In the dedicated panel to this topic, we will discuss how to mainstream disability in social development. The comprehensive mandate of the Special Rapporteur on the rights of persons with disabilities and the interaction with this Commission, with the Human Rights Council and the Conference of States Parties of the CRPD provides an excellent platform to connect the UN action and work in areas aiming at the inclusion of persons with disabilities.
The EU remains at the forefront of international and multilateral efforts to promote youth employment, including within the G20 whose members committed last year to decrease youth unemployment by 15% by 2025, through the Asia-Europe Meeting (ASEM), which set out substantive guidelines last December to improve youth labour market outcomes, and by supporting global efforts, such as the development and implementation of a global strategy for youth as established in the Addis Ababa Action Agenda, which is an integral part of the 2030 Agenda.
Youth employment indeed remains a top political priority in most EU Member States. 7.1 million people in the 15-24 age group are neither in employment nor in education or training in Europe. The EU Youth Guarantee will ensure that, within four months of becoming unemployed or leaving formal education, all young people receive a quality offer of a job, a traineeship or an apprenticeship, or the chance to continue their education. The past two years have seen a lot of progress: European countries have improved the capacity of their public employment services, have introduced incentives to stimulate job creation, and have taken steps to improve vocational education and training systems and increase the number of quality apprenticeships and traineeships. In autumn 2016, the European Commission will release its full report about the implementation of the Youth Guarantee programmes.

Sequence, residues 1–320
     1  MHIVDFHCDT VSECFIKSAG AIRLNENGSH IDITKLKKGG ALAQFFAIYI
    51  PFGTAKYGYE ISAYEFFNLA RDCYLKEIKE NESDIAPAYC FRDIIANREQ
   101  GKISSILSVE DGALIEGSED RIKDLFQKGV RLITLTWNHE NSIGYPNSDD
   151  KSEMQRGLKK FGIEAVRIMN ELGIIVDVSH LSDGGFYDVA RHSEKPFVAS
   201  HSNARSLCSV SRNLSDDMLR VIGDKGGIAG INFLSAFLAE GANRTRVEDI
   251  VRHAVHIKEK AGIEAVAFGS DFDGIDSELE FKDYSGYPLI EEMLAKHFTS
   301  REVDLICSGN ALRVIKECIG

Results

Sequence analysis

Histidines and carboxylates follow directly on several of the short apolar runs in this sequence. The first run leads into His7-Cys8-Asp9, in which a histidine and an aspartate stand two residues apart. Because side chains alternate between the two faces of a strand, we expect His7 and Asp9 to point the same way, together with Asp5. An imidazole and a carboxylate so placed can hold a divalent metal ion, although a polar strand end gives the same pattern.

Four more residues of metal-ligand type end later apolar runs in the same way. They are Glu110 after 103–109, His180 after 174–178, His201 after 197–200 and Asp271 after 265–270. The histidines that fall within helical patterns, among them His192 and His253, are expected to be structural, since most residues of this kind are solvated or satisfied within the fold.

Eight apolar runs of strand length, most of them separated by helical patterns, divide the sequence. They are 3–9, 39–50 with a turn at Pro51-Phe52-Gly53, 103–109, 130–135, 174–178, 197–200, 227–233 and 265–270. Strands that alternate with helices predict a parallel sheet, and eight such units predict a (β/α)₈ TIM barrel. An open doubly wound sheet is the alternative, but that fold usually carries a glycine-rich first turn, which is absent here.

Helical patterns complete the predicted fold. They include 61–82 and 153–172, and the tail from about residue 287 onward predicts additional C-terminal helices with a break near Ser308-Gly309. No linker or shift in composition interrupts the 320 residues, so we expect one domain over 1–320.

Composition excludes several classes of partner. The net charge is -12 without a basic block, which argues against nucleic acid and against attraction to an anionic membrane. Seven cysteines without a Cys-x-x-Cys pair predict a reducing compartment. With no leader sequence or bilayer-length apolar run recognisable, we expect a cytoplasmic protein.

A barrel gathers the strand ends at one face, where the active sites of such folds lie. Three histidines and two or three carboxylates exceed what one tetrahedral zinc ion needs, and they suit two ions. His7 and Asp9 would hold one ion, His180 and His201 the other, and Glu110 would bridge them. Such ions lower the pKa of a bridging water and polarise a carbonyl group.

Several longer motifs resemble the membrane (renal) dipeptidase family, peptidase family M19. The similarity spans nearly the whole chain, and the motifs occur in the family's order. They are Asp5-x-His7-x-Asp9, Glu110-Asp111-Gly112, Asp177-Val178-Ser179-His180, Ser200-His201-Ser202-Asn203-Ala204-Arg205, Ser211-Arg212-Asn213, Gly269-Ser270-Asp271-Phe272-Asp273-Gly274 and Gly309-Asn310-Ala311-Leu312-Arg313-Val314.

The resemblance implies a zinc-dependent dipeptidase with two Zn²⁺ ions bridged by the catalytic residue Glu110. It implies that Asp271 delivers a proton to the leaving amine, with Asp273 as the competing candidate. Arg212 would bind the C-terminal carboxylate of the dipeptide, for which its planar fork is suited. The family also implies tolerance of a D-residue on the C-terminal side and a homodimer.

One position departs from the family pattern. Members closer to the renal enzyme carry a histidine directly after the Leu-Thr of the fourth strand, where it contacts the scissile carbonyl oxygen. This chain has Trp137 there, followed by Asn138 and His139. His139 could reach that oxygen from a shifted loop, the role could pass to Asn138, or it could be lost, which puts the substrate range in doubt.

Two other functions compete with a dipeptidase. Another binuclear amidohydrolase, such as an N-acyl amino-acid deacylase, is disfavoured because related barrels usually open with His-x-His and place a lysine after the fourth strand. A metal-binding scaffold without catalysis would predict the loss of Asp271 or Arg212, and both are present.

Long-term unemployment is another major hurdle to Europe`s growth. Therefore, we are making great efforts to better help the long-term unemployed return to work, including young people. In December 2015, EU Ministers agreed on a recommendation committing their countries to strengthening support for more than 11 million people unemployed for over a year, offering a clear pathway towards employment. This recommendation will lead to simplified and more effective access to support for those out of work for long periods.
Ensuring the rights and well-being of older persons continues to be a fundamental part of the agenda of the European Union and its Member States. EU proposals and activities take due account of the impact of ageing. The EU sees a need for governments to take active steps to address, among other things, age discrimination, decent work availability for the elderly, social protection including access to adequate pensions, and health and long-term care and the risk of elder abuse.